Electric Engine Concepts
Air for pressurisation/cabin conditioning supplied by dedicated system Generator on fan shaft provides power to airframe under both normal and emergency conditions Internal active magnetic bearings and motor/generators replace conventional bearings, oil system and gearboxes (typical all shafts) Pylon/aircraft mounted engine systems controller connected to engine via digital highway New Engine Architecture with reduced parts count, weight, advanced cooling, aerodynamics and lifing All engine accessories electrically driven A step change in engine performance is expected by the application of ‘more electric’ technologies. This type of engine would do away with the conventional lubrication system and replace it with oil-less magnetic bearings. A generator directly on the fan shaft will produce power to the airframe systems. An airframe-integrated system where all flight control actuators are electric can lead to a reduction In specific fuel consumption of as much as 15%. More weight can be saved by avoiding the need for a separate emergency generator system when using the wind-milling power of the large fan to provide power through the on-shaft generator. On this concept engine, a distributed control system can be used where local ‘black boxes’ are coupled through digital technology with pylon mounted systems away form the actual engine. Although the engine shown here is a civil variant, these type of technologies can equally be applied to military aircraft.

Compressor Weight Reduction
Conventional disk & blades Blisk - up to 30% weight saving Bling - Ti MMC - up to 70% weight saving

Metal Matrix Composites
Specific Strength Titanium Metal Matrix Composite Titanium Alloy Nickel Superalloy Temperature (degrees C)

Future Emissions Improvements
Pilot Main Double-annular combustor Pilot Main Pre-mixed double-annular combustor

Future Aircraft Configurations
Large diameter duct Gas generator Contra-rotating turbine Contra-rotating fan Flying wing The blended wing body concept is currently being studied on both sides of the Atlantic as a radical move away from the current cylindrical fuselage configuration with two or four under-wing engines. The inherent benefits of the flying wing are large due to the lower drag and increased lift of the blended fuselage. From a propulsion point of view it also allows us to consider new possibilities. The configuration shown here with the engines mounted on top of the fuselage effectively shields the ground from the engine noise source. Contra-rotating aft fan designs can then become a distinct possibility. Combining these concepts with all-electric technologies can produce an aircraft with a fuel consumption 45% lower than the current level of technology at significantly reduced operating cost. Whether the airframe manufacturers and airlines will pursue this option will depend on the future economic and political climate that influences the market rather than the technical feasibility of the concept. Blended wing aircraft may offer up to 30% reduction in fuel consumption - 40% if combined with electric engine concepts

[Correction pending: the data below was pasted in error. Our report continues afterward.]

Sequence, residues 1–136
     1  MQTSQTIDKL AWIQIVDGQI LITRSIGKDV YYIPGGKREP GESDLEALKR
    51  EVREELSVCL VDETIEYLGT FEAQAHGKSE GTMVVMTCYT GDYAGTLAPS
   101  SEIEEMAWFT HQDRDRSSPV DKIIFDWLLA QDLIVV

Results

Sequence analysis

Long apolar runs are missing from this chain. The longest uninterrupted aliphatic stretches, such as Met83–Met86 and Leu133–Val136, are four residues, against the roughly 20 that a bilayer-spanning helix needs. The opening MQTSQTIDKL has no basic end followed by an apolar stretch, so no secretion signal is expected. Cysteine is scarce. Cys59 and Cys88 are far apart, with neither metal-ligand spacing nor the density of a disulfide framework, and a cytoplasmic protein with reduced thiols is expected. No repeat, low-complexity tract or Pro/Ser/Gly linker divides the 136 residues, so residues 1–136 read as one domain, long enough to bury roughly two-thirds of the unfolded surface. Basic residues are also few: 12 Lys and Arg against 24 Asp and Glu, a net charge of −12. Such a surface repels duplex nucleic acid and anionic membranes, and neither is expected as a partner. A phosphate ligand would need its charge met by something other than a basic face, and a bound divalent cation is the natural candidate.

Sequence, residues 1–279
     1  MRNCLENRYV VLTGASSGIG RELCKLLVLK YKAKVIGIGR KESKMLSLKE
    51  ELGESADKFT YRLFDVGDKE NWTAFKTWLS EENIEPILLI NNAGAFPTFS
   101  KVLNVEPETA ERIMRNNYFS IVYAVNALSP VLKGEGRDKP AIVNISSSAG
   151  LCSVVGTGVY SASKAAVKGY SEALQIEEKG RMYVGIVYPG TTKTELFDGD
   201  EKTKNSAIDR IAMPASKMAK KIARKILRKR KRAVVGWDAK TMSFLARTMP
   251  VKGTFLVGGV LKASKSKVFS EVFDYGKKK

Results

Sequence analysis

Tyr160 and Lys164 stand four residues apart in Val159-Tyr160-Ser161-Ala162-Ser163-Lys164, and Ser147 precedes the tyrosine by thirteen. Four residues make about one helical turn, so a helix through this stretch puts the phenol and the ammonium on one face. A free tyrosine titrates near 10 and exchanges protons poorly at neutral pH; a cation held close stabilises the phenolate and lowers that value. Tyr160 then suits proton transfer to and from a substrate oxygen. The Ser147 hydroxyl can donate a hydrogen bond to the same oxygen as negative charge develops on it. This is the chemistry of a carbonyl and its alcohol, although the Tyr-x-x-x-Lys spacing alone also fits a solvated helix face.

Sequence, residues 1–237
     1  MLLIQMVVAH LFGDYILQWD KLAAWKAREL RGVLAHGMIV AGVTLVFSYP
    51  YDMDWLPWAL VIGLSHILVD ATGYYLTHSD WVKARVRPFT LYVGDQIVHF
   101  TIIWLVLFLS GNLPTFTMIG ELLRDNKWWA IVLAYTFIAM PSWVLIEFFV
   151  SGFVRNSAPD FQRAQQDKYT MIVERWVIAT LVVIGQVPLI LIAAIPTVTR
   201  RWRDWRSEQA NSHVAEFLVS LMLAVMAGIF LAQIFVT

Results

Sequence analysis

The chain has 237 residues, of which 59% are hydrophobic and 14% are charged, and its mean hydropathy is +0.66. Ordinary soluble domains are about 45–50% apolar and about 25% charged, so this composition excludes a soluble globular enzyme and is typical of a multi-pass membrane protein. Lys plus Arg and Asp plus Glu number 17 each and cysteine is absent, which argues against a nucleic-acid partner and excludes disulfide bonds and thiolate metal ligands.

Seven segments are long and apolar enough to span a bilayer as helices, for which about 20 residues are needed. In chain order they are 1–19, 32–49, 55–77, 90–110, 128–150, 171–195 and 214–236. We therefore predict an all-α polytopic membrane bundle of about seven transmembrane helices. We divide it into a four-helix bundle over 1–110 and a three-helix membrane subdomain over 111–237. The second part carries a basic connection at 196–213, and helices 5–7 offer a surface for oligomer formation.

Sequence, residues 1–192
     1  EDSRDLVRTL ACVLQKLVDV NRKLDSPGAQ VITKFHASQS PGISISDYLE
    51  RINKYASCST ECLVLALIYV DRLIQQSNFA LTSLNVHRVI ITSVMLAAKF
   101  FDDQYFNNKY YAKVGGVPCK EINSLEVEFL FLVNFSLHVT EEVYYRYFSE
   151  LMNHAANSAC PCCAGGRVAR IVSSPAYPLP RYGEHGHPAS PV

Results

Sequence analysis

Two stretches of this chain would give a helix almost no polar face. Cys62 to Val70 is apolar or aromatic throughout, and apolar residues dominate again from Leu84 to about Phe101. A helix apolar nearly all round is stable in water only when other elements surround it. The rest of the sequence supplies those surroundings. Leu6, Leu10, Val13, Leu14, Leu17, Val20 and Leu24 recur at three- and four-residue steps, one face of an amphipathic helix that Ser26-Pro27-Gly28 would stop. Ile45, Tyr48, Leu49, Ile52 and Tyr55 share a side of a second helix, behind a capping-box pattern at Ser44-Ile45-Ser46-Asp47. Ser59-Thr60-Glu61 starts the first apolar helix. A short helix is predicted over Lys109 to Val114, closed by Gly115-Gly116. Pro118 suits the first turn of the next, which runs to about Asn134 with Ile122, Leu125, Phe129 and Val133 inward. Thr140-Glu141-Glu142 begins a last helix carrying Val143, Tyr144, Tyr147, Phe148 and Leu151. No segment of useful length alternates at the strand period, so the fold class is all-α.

Conclusion The three-shaft concept is now recognised as a world leader
Customer-focused competitive technology is critical to its success Success is a tribute to many generations of people The RB211 & Trent family has a long and secure future To conclude: There is no doubt that the three shaft concept is now accepted as the world leader - some 35 years after the initial work started. The future focus will be as much on reducing unit cost through fewer components and improving in service diagnostic capability, as it will be on enhancing performance and reliability. This is particularly important as we take an increased commercial responsibility for the life cycle costs of an engine through ‘power by the hour’ type agreements. I would like to pay tribute to the many generations of people, particularly the engineers, who have contributed towards the success of the 3 shaft engine. I am sure that the RB211 and Trent engines have a very long and secure future Thank you for listening.